Navy

Trino J. Soto


By Cindy Carcamo

U.S. Navy veteran Trino Soto can't remember the exact date or location, but the image of his ship along with eight other destroyers traveling in the evening along the Pacific Ocean will forever remain in his mind.

"As we were going I was looking back, like this, because we were the flag ship. And, they were all staggered, one behind the other like that," Soto said. "That was the most beautiful sight I ever saw -- those nine destroyers going full steam."

Peter De Leon


By Antonio Gilb

Peter De Leon considered himself lucky after returning home to Chicago after serving in World War II. At least 10 of his neighborhood friends came back in body bags.

The closest De Leon came to dying was a kamikaze attack off Okinawa in the Pacific Theater. The kamikaze pilot was aiming for a larger ship but missed. The gunners hit the plane, so it only hit the side of the ship.

Raúl A Chávez


By Amy Bauer

Aside from a move at 8 months of age, Raul Chavez had never traveled more than the 20 miles from Los Angeles to Catalina Island.

Born on Valentine's Day in 1926 in Chihuahua, Mexico, Chavez moved to East L.A. when he was an infant, during the Great Depression. His father, also named Raul, was a volunteer lieutenant in the California Militia State Guard and, thus, contributed to the war effort.

"I remember when I was going [to war] myself; he got a broomstick out and taught me the Manual of Arms," Chavez said.

Alvino Mendoza


By Haldun Morgan

"We were in Saipan when I had my first taste of combat. Not combat, [but] of bombs being dropped on us, trying to sink us. And I'm staring at the airplanes dropping, and I'm sure everyone is gonna hit us."

Before his initiation into World War II, Alvino Mendoza wondered what it would be like.

Raymond Sanchez


By Rhonda Miller

World War II veteran Raymond Sanchez went bird hunting once with a Navy buddy in South Texas. The two friends, both Latinos, decided to stop for a beer at a little tavern on Highway 72 between Kennedy and Three Rivers.

"We came to this shed outside and all the Hispanics or Mexican Americans were drinking outside," Sanchez said. "I says, 'Hey man, it's September and it's hot, why don't we go inside?'

“He says, 'Raymond, we can't,' and I asked, 'Why?'

“He says, 'It's just the way it is, you know.'"

Peter Salcedo


By Diana Lee

As a child in southern California, Pete Salcedo hid in embarrassment during lunch to eat homemade tacos.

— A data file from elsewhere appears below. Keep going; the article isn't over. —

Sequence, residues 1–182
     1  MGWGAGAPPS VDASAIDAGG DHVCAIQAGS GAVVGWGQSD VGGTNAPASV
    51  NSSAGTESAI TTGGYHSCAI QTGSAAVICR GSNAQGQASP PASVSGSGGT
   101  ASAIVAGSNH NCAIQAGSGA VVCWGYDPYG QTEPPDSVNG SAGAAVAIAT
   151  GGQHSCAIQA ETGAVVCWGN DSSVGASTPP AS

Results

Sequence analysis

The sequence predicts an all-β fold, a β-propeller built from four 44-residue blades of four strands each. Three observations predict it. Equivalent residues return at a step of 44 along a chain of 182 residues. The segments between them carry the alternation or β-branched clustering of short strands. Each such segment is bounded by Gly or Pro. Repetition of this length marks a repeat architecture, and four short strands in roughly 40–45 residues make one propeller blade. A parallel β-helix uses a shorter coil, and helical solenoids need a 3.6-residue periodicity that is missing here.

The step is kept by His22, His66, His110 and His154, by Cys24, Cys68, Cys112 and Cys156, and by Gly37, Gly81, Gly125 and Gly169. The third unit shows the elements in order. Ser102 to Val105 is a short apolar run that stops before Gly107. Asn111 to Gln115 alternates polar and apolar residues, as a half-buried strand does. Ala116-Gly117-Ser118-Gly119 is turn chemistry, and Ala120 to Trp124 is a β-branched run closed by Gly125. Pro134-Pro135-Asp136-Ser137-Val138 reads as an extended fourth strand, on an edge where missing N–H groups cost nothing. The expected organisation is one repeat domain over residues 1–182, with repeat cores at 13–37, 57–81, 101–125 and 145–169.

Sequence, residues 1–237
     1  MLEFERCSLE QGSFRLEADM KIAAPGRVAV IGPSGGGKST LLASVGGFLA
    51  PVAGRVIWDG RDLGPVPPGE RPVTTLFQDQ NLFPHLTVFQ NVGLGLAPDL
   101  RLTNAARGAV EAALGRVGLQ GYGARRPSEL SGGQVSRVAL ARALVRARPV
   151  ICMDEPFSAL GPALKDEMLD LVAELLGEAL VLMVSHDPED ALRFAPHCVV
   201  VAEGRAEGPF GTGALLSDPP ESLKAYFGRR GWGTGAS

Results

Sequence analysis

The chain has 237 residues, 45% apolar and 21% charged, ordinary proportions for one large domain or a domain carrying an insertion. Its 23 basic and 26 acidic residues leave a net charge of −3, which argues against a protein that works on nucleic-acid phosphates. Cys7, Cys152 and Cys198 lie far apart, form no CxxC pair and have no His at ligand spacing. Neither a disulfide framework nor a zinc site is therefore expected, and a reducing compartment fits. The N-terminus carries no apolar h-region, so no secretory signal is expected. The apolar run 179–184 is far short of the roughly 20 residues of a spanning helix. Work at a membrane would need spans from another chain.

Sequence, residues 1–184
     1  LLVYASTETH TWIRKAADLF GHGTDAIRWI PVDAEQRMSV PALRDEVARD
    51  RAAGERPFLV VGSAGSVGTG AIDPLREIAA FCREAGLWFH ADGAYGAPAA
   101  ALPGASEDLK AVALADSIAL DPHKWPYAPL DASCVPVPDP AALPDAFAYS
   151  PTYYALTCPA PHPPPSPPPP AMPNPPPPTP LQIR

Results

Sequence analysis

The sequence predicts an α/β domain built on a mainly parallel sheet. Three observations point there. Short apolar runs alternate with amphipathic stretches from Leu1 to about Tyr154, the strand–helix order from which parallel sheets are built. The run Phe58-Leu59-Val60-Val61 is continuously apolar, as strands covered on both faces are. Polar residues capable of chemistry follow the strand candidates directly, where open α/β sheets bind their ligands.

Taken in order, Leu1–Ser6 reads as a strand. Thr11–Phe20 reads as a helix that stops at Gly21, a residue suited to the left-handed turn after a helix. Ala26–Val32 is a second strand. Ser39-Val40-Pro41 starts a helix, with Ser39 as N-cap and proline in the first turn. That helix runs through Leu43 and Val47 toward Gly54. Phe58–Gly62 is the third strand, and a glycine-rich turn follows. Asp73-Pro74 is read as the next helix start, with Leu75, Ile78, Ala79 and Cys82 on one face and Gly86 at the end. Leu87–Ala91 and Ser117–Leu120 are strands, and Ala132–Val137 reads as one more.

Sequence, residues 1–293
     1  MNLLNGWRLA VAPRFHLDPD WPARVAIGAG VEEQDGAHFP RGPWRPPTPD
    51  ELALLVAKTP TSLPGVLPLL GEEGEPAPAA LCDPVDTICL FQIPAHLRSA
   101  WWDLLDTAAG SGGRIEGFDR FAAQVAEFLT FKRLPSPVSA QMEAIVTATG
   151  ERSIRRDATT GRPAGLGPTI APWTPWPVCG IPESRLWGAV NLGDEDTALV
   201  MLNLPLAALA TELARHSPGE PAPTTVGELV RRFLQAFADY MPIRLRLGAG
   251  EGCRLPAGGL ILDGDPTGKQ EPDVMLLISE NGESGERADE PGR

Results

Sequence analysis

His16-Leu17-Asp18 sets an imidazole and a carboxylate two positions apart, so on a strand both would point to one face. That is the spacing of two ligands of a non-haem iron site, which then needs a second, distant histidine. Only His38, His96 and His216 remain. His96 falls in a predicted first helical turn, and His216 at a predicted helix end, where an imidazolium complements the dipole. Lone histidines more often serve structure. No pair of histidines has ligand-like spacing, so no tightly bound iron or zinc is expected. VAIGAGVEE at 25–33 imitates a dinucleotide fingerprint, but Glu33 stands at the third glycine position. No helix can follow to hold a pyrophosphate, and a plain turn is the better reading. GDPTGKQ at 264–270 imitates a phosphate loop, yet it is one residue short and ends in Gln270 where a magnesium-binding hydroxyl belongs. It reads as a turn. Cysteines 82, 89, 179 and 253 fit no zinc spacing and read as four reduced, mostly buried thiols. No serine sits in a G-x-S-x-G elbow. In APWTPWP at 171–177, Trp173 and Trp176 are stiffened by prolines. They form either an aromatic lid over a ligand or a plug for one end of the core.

"At that time you didn't have all these Mexican restaurants," Salcedo said. He thinks their growing popularity in mainstream America caused him to stop hiding his Mexican food.

Tizoc Romero


By Dennis Robbins

Although he faced criticism from minorities for fighting in the war, Tizoc Romero, a veteran of World War II, feels his involvement in the war opened the doors to a lifetime of achievement.

During the 1930s, or Great Depression period, many Americans, especially minorities, faced the hardships of poverty, war, discrimination and an economy that excluded many of them. Romero witnessed a troubled country.

Elias Guajardo


By Kristen Henry

Deep blue, purple, coral. Even 60 years after Jesse Guajardo served in the Navy the colors of the seas and oceans he traveled still strike him.

"I went to the Pacific, the Pacific is blue," Guajardo reminisced at his home in East Austin.

"You get down to the Coral Sea and it's just like somebody is drawing a line just like this right here," he said, drawing an invisible line in the air, to show how definite the change in the color of the water was to him.

Gilbert Castorena


By Christine Emmot

Growing up in the North Island neighborhood of San Diego, Ca., before World War II, Gilbert Castorena had a childhood filled with good memories of his family, friends and school days.

Those relaxing days changed in 1940 when Castorena signed up for the U.S. Navy. He was shipped out to fight, mostly in the Pacific Theatre, during World War II.

Lalo Campos


The yellow clapboard house with the 1990 Cadillac Seville parked outside is Lalo Campos' home. A Mexican American World War II veteran, he sits in a study that is covered with family portraits with his feet propped up in his walker. There is a distinct smell of Terra-gesic cream, similar to Ben-Gay, in the air -- which he uses to ease the pain in his feet. Campos has been a diabetic for 20 years and in 1992 the diabetes severed the nerve ends on his feet, which has made it very painful to walk.

Campos has come a long way in 75 years; he has even been around the world.